Residents of the city are popularly known as ‘KL-ites’. Even those not strictly residing within the boundaries of KL proper are nonetheless regarded as KL-ites because the urban agglomeration covering the Klang Valley is informally the territory of ’Greater Kuala Lumpur’.

Greater Kuala Lumpur is a metropolitan sprawl of over 8 million people. Kuala Lumpur in earlier times was a predominantly Chinese town. Today it is a polyglot city with a Malay majority but even locals may be surprised to learn that 13.4 percent of KL residents today are foreign (non Malaysians).

They comprise low skilled workers of various nationalities from neighbouring and Asian countries. There are also enterprising Africans and expats who include Europeans, Americans, Arabs, Middle and Central Asia citizens, Koreans, and Chinese from the People’s Republic of China and Taiwan making it one of the most culturally diverse cities in Asia.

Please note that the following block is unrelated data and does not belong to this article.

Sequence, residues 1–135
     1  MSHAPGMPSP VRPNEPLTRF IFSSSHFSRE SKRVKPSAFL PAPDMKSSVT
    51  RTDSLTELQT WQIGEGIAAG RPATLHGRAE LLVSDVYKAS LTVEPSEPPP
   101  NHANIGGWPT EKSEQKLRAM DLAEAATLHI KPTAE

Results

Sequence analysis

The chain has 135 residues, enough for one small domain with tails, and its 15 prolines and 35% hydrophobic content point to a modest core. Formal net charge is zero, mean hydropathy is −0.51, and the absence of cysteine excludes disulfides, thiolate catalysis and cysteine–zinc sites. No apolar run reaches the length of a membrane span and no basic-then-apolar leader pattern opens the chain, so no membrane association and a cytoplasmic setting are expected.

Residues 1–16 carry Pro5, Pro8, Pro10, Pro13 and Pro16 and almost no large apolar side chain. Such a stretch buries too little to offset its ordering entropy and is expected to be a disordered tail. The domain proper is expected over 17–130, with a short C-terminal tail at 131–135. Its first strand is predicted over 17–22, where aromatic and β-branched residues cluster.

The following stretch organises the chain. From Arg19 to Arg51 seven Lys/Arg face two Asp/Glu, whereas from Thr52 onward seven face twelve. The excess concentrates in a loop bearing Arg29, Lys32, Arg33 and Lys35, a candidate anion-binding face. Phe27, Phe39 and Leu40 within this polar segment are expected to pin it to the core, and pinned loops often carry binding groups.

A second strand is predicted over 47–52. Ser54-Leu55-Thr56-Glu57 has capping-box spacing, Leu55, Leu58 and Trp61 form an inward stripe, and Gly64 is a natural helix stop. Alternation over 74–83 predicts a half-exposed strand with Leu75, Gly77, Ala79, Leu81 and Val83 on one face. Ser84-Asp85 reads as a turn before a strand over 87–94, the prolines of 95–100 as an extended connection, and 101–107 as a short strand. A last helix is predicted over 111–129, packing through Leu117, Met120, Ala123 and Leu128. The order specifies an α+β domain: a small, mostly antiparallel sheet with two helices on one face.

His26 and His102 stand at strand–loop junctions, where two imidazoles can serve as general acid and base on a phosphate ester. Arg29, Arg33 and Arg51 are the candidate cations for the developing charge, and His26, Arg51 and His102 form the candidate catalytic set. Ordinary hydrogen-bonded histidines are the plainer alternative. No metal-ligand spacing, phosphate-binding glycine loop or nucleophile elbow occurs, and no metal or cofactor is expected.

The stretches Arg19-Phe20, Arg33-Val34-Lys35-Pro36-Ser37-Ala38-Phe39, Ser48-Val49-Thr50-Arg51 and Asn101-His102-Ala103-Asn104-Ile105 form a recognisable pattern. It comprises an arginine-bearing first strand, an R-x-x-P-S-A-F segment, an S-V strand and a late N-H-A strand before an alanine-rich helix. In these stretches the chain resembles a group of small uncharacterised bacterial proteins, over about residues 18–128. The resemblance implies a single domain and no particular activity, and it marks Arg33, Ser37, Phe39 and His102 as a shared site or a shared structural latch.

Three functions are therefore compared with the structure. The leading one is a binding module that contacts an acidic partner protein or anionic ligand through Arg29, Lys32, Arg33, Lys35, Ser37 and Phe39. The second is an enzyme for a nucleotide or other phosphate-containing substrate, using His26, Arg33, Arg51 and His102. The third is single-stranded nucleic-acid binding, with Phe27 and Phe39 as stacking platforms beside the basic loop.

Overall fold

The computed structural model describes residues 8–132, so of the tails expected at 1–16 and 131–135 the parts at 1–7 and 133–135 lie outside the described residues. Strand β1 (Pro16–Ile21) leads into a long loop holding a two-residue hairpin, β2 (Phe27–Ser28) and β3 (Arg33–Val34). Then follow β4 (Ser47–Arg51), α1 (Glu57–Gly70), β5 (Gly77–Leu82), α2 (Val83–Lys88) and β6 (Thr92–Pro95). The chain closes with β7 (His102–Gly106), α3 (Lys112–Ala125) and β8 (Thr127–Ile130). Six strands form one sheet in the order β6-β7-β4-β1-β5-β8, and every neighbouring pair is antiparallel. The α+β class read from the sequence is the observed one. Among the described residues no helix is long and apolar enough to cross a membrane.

A significant number of illegal immigrants also live and work in KL, but it is unsure whether even the authorities can pin down the exact figures.

The majority of Klang Valley Chinese are Cantonese – the dialect which serves as the community’s lingua franca. Mandarin is also widely spoken. Meanwhile Tamil is dominant among the KL Indian population. Many KLites converse in English and Malay is the most common language in use in the public sector.